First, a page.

Elmenteita is a shallow alkaline lake (1,800 ha; maximum depth 1.9 m) lying on the Rift Valley floor some 20km south-east of Nakuru town. It is fed by the Kekopey hot springs at its southern end, and two small streams, the Meroronyi and Kariandusi, flowing from the eastern plateau. The surrounding landscape is characterized by dramatic rocky faults, volcanic outcrops and cones. Rainfall is erratic and averages less than 600 mm/year. To the east, the lake is flanked by small-scale agriculture, while several large ranches surround the remainder. The northern and south-eastern lakeshores are open and flat, a spectacular cliff rises to the north-east, and the western shores are broken and rocky. The natural vegetation is mainly Acacia and Tarconanthus camphoratus bushland interspersed with Themeda triandra grassland. Patches of Acacia xanthophloea woodland occur near the shore, and formerly covered a large area south of the lake. The IBA consists of the lake and its surrounding shoreline, including the hot springs and the cliffs, and the Soysambu Wildlife Sanctuary (5,400 ha), part of the Delamere Estate, that abuts the lake to the north and west.
See Box and Table 2 for key species. The threatened, restricted-range Prionops poliolophus occurs in the surrounding woodland (where it may be resident), and Euplectes jacksoni is a seasonal visitor nesting in the tall grassland. The lake consistently holds internationally important populations of Phoenicopterus ruber (1991–2001 January mean: 5,600) and P. minor (1991–2001 January mean: 140,300) and Recurvirostra avosetta (1991–2001 January mean: 1,440). At least 69 waterbird species are recorded, including 29 Palearctic migrants. Fish have recently spread from the peripheral hot springs to the main lake, but even before this Elmenteita often hosted large numbers of Pelecanus onocrotalus. Up to 8,000 pairs have bred there when water levels are high and rocky outcrops in the eastern sector are flooded to form islets, on which the birds can safely nest. The pelicans move daily to Lake Nakuru (IBA KE049) to feed. Phoenicopterus ruber have also bred at Elmenteita in the past, but have been displaced by pelicans in recent years. There have been occasional, but unsuccessful, breeding attempts by Phoenicopterus minor. The woodland and bushland are rich in birdlife (over 400 species have been recorded), particularly raptors. Globally threatened species additional to those shown in the Box are Falco naumanni, which occurs on passage, and vagrant Aquila clanga and Parus fringillinus. Regionally threatened species include Podiceps cristatus (which has nested here recently), Casmerodius albus (an important non-breeding site, with regularly more than 50 and as many as 156 counted in January 1994); Trigonoceps occipitalis; Hieraaetus ayresii; Stephanoaetus coronatus; Polemaetus bellicosus; Buphagus africanus; and Euplectes progne.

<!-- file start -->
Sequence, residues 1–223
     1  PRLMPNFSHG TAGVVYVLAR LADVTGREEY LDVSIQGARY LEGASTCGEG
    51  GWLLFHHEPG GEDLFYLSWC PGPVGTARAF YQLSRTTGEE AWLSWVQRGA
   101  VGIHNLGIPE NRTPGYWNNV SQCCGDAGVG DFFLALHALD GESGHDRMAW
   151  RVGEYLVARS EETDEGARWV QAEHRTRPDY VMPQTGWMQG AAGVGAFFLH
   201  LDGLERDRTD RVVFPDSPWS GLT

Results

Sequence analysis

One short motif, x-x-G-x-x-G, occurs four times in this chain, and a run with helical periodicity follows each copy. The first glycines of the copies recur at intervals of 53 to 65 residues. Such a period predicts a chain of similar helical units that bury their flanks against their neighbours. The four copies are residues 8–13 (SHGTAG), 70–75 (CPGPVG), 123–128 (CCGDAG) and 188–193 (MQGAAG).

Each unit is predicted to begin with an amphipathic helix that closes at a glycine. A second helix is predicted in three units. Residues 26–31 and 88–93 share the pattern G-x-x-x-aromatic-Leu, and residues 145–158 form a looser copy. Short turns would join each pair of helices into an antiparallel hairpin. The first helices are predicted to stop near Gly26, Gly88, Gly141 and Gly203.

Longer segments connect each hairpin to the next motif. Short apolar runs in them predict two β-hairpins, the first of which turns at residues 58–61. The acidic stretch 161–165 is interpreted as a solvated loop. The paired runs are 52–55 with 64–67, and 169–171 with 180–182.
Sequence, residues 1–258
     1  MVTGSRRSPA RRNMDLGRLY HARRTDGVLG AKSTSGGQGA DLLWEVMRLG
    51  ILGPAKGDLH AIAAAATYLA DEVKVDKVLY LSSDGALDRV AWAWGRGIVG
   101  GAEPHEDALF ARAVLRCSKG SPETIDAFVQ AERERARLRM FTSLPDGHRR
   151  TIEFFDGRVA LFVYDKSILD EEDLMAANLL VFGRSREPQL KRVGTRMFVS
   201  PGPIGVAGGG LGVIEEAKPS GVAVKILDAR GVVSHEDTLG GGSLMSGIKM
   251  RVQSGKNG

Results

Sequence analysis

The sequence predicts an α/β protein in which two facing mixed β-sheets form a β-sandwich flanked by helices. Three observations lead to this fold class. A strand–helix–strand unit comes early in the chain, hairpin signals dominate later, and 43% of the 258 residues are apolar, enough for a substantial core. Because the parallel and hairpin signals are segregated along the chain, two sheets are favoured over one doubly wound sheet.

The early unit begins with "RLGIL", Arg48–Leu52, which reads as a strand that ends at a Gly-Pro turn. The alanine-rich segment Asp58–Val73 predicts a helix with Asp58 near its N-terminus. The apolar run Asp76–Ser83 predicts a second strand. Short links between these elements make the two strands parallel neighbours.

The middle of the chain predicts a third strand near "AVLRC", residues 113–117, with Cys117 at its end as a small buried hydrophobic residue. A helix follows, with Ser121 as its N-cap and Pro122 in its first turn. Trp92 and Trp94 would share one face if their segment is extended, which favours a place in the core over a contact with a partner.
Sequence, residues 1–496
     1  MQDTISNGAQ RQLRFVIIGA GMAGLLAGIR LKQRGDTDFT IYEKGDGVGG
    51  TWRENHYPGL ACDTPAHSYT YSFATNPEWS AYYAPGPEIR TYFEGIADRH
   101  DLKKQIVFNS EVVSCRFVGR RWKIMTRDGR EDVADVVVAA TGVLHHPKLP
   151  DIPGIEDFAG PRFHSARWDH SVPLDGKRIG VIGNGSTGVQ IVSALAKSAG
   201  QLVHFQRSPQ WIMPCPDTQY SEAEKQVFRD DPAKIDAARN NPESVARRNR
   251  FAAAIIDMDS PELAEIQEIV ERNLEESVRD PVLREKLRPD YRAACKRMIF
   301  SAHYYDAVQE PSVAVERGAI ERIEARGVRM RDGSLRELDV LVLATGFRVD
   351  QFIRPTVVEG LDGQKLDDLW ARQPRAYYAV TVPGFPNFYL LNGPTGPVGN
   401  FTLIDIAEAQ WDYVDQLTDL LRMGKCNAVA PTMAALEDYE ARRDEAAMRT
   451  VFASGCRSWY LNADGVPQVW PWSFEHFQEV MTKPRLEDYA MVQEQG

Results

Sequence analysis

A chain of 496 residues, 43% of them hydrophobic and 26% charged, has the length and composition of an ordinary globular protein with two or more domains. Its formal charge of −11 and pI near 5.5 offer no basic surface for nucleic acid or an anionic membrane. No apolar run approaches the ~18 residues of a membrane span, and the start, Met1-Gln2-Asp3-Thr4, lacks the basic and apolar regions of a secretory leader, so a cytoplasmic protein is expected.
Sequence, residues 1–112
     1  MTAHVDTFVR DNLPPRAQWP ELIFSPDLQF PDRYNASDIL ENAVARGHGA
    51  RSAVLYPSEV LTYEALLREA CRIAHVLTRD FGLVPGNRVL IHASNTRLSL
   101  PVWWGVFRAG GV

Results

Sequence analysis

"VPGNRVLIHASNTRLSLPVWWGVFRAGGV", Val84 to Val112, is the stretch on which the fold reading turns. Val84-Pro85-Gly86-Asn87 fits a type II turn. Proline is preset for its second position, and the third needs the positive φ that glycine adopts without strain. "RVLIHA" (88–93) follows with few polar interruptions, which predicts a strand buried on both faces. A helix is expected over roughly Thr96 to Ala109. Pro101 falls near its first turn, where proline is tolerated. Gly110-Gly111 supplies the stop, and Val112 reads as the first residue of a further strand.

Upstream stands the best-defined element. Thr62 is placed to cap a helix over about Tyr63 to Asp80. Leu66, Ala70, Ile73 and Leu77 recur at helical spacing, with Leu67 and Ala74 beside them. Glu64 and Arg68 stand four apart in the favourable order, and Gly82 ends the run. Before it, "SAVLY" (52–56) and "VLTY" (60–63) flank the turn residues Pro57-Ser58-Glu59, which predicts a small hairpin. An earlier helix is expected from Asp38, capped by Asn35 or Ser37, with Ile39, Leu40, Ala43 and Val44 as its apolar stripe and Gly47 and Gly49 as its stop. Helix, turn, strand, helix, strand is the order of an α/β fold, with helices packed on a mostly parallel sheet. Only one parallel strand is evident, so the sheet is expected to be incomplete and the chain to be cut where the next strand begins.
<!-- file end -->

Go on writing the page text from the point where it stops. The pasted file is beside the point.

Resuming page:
Non-bird biodiversity: Soysambu holds good populations of large mammals, including an introduced population of Giraffa camelopardalis rothschildi. The snake Bitis worthingtonii, endemic to the central Rift Valley above 1,500 m, is known from here. The cichlid fish Oreochromis alcalicus grahami, endemic to alkaline lakes in this part of the Rift Valley,occurs in the hot springs and has recently spread to the main lake.
Pressure/threats to key biodiversity
Private ranches, including the Soysambu Wildlife Sanctuary, cover c.75% of the shoreline, and this portion is generally well protected. Subsistence farming on the eastern side is leading to increased siltation of the lake from soil erosion, while increased offtake from the Meroronyi stream and destruction of vegetation in the catchment are reducing water inflows. There has been substantial destruction of the Acacia xanthophloea woodland on the south-eastern shores. Overgrazing on the ranchland during periods of drought, particularly in the south-eastern sector, accelerates erosion after heavy rain. Soda extraction and sand mining on the eastern shores are limited in scale at present but may be a serious problem in future. Tourism at Elmenteita is increasing, the main attractions being the scenery, birdwatching and the chance to see unusual animals by night (night driving is not permitted in National Parks). There is a tourist lodge (Lake Elmenteita Lodge) on the escarpment above the lake and a tented camp (Delamere’s Camp) in the Soysambu Wildlife Sanctuary. At the moment tourism exerts little pressure on the lake, and is a force for its conservation.
BirdLife International (2017) Important Bird Areas factsheet: Lake Elmenteita. Downloaded from
http://www.birdlife.org on 18/12/2017.